A. The other aging changes that exist are changes in tissue tolerance, your ability to accommodate something new. Actually, many of the things you can manage to bear at a younger age become much more difficult at an older time in life such as reduced salivary flow and altered pain threshold. For example, with aging there are many benign changes, your hair gets a little grayer, your hearing begins to deteriorate, and you walk a little slower. You may be more depressed than usual, especially today, if you are on a fixed income. That's quite understandable. These are benign changes.

Q. I think they are malignant changes. 

A. That's a good point. However, this wouldn't directly affect the way you treat a patient in that category.

Oral Health and Cardiovascular Disease

Q. Aren't technological advances in dental equipment and procedures reducing the problems of dental care and dentistry, especially for the elderly? For example, there was a time when we had to go through frightening experiences with the use of standard drills. Now, with highpowered drills that you can't hear or feel, the dentist's chair is half pleasant. Doesn't this kind of development ameliorate the treatment, as you put it, of benign problems that accrue in old age? 

A. That is precisely what we are trying to explain in geriatric treatment. The problems of biology and age are not really solved by a lot of the technological advances that we have. Much more important in the care of the aging patient is to consider the actual needs of a patient, the ability to tolerate a prosthesis, or the ability to take a certain amount of care.

Q. What is an aging patient? At what point do we know? We just don't all of a sudden at 65 stop being what we were at 64. When do we know that we're in the category of an elderly patient requiring geriatric care?

A. Again, it's not clear. The 65 number is one that's been used for legal purposes. However, the aging process doesn't have a number. We have patients who are 85 who may look 60 years old, who may have an emotional level or think of themselves as a 25 year old. That type of patient obviously presents certain problems in management. And the practitioner should have the ability to recognize that.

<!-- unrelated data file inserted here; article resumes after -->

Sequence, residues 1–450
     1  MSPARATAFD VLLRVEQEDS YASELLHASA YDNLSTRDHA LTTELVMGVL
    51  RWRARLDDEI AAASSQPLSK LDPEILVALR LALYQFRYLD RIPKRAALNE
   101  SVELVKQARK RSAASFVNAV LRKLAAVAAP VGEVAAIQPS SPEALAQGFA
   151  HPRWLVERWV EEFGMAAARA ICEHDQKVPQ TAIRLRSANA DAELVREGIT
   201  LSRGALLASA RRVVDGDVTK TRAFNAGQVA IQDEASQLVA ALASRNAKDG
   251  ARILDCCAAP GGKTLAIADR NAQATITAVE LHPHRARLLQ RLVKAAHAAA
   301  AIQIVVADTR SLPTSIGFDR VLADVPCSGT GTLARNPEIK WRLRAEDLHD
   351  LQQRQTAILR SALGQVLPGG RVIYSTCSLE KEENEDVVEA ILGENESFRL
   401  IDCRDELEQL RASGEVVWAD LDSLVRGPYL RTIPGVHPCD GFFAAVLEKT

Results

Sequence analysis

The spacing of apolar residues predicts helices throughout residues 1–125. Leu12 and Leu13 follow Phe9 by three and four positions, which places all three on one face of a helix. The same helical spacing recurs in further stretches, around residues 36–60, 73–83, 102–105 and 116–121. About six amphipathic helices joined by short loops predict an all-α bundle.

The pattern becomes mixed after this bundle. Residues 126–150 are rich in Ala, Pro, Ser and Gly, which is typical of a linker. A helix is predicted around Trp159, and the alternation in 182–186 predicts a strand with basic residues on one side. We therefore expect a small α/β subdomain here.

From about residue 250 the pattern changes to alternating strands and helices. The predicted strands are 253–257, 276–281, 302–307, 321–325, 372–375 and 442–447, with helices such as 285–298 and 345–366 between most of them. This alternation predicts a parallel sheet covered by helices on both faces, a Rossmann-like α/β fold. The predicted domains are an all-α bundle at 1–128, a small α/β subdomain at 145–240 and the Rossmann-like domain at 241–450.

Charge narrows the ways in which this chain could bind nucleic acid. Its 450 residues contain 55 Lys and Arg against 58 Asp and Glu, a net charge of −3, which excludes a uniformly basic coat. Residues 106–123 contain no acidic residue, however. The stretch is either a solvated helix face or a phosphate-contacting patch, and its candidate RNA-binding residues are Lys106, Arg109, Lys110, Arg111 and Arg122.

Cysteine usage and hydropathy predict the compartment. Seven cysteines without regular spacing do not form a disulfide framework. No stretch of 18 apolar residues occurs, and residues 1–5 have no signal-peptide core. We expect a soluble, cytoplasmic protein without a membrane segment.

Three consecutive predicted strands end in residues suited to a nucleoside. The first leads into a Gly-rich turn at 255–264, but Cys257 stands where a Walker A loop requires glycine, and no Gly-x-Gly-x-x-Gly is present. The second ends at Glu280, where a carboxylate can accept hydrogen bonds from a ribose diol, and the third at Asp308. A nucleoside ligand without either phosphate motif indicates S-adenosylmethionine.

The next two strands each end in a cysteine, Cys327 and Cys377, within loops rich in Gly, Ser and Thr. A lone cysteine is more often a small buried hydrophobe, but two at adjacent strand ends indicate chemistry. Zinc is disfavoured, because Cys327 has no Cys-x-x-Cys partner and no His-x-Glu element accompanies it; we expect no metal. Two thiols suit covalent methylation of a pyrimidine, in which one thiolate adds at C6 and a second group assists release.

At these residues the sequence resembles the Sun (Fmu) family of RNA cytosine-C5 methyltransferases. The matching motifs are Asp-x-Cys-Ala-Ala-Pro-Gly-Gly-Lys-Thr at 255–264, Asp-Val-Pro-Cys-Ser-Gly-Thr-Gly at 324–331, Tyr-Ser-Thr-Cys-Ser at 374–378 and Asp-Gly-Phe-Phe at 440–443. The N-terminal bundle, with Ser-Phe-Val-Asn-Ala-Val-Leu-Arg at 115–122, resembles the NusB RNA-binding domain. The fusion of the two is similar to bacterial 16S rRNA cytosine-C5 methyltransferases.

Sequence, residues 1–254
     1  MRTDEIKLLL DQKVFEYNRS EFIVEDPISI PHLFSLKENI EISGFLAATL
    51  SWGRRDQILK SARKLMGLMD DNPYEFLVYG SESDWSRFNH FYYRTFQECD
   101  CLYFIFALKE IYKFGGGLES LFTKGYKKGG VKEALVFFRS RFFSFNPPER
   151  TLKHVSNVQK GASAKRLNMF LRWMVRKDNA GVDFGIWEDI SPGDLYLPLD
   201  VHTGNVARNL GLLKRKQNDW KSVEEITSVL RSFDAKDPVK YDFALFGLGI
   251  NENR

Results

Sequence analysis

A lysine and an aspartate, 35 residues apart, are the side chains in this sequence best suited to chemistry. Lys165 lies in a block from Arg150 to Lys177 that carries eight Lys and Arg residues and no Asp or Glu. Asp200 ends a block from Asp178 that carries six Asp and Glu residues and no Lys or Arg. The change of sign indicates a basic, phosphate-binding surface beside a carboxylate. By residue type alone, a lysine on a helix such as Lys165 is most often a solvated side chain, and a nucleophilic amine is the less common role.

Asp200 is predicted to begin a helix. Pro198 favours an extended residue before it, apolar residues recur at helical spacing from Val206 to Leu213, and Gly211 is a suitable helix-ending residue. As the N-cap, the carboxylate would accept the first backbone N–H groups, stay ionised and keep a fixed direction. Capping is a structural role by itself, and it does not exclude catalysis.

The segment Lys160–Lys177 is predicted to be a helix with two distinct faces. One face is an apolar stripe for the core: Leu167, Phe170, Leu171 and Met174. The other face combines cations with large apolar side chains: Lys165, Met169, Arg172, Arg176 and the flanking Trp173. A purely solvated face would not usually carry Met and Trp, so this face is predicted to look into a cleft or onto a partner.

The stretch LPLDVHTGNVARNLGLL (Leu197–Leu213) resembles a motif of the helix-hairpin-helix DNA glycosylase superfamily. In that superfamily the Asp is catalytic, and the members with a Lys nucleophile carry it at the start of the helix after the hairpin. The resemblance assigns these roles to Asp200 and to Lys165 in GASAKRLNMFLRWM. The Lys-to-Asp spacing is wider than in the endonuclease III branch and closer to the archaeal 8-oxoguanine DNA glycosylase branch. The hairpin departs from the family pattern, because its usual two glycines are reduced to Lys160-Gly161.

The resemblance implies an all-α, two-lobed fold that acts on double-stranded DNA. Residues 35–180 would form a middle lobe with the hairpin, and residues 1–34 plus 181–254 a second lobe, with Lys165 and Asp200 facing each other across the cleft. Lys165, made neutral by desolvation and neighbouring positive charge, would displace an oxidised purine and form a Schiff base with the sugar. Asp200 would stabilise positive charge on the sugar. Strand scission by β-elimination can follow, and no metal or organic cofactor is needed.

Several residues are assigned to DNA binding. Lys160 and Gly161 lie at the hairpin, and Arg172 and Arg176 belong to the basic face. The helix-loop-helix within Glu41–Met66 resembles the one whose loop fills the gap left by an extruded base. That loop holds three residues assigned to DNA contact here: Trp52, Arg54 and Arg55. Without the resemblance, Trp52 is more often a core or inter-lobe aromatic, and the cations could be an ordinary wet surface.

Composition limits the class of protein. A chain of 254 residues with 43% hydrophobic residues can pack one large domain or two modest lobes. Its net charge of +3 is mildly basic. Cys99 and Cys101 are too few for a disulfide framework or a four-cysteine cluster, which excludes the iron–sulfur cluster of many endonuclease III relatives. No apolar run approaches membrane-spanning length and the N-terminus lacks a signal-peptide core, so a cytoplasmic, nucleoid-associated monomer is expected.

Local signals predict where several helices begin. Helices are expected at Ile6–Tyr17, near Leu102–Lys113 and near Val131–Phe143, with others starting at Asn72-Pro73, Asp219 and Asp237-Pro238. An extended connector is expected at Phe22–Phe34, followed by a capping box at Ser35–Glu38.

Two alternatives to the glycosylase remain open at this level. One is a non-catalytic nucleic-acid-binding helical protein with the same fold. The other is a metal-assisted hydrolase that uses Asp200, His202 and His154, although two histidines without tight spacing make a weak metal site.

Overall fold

Q. Suppose they are young physiologically and appear to be in excellent condition? 

A. It has been reported in studies that there are actually three different kinds of aging. There's the chronological age, the physiological age, and the emotional age. And these three ages in the normal individual should jibe. When we have marked discrepancies among these three categories, then we have a patient who is more difficult to manage and treat.

Q. If we have established what is considered to be an elderly patient requiring that specialized treatment, would it come at a particular age figure? How would the problem be identified through chronological examination? 

A. The tissue changes do occur gradually. The 65 year old individual may have tissues that are quite young. And so that person, for all practical purposes, would be treated as a younger individual. We see things in the oral structures, though, with the passage of time that do not escape any individual. We have an increase in periodontal disease as we get older, as we do with our eyesight. We become less meticulous with oral hygiene.

Q. What is the negative outcome of lessened salivary flow? 

A. Saliva is an essential ingredient for oral health. We don't realize it, but saliva does bathe the dentition and help keep the teeth clean. With diminished salivary flow, there is a great buildup of food debris around the dentition or, if there is a prosthesis, around that. Salivary flow is very important from an oral hygiene point of view, and as the years go by we do tend, as the euphemism states, to dry up. Drying up has been made out to be a humorous situation, but it does have ramifications in the oral cavity. If a patient has a prosthesis, saliva tends to keep the prosthesis in place. We need a certain amount of fluid to effect some kind of a suction in an upper denture. These are common problems for the older patients: the lack of saliva, the lack of water the cells typically lose water as they age.